- Web Testing: Ivonna, VS Team System Web Test, NUnitAsp, Watir, WatiN, Selenium
- UI Testing: NUnitForms, Project White, Team System UI Tests
- Thread-Related Testing: Typemock Racer, Microsoft CHESS
- Acceptance Testing: FitNesse, StoryTeller

This book was a short 320 pages, but there is a ton of practical and applicable tips jammed between the covers. But, I have to mention that this book isn't as polished as you would probably expect with most published works. It isn't anything major, but just a few things in the text or code samples that should have been caught by testers or an editor. These issues don't really take away from the content, but it just wasn't up to the standard I expect when buying a published work. (And that is possibly the worst cover I have ever seen ... yes, I get the reference to "The Art of War").

If you are remotely interested in this topic, you should listen to a recent podcast Roy did with Scott Hanselman on "The Art of Unit Testing." Although the podcast is kind of like a cliff-notes version of the book ... it isn't a replacement. If you find the podcast remotely helpful, order the book.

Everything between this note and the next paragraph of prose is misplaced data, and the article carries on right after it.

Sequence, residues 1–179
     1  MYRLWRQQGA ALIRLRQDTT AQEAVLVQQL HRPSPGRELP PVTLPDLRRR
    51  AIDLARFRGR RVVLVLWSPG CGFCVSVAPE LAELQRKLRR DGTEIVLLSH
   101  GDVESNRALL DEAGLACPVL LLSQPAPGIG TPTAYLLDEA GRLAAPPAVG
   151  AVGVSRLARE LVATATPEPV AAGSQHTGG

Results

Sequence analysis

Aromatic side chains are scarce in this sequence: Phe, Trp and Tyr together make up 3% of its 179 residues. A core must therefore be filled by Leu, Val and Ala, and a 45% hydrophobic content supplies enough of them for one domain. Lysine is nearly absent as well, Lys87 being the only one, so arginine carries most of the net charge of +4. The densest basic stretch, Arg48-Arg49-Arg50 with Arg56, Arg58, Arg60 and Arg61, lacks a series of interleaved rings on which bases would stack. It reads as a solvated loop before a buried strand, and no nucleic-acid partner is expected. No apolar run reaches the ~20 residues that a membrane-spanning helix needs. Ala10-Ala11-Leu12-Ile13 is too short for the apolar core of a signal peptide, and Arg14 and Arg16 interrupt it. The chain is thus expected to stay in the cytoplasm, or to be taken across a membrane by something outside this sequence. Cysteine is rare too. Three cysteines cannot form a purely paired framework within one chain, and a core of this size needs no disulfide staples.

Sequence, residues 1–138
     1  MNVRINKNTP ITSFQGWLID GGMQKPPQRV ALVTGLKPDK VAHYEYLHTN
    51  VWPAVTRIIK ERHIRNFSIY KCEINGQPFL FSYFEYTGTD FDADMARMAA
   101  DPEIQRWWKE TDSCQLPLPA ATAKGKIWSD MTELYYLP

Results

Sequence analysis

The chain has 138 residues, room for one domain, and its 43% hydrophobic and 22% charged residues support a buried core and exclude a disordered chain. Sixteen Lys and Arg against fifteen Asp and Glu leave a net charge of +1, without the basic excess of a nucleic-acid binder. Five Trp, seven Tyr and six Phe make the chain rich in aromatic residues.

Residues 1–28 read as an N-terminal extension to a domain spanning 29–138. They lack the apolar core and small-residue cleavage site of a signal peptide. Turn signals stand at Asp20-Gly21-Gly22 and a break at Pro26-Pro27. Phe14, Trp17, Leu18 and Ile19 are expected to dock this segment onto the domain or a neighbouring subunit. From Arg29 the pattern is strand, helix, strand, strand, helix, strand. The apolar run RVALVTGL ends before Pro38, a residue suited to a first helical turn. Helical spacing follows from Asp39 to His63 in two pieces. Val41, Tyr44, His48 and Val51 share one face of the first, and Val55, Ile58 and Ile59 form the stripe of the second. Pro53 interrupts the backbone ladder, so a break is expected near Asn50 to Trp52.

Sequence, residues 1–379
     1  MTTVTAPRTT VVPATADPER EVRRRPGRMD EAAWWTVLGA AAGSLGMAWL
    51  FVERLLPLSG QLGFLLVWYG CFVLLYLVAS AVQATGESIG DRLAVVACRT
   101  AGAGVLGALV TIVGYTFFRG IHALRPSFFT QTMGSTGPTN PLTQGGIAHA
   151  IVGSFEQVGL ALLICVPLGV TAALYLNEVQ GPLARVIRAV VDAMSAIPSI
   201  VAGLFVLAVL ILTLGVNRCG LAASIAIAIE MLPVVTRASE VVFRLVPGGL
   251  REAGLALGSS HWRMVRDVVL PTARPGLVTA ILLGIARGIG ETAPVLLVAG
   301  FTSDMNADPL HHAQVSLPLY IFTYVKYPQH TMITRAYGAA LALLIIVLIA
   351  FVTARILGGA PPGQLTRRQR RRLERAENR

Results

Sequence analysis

To read the full review or view more technical book reviews like this, visit [...].
5.0 étoiles sur 5 Thank you for writing this book! 10 juin 2011
Par Eyal-Shilony - Publié sur Amazon.com
Format: Broché Achat vérifié
Hello,

I'd like to thank the author of this book for writing it.

I've been writing unit tests for quite some time now and this book contributed my knowledge tremendously.

Before this book, I had a lot of questions to ask about unit testing and most of them where "how?" questions.

How to write a good unit test ?

How to write tests in isolation and decouple the dependencies in complex scenarios ?

How to write fake objects properly and understand the differences between the various fake objects in Unit Testing.

How to write scalable and maintainable unit tests ?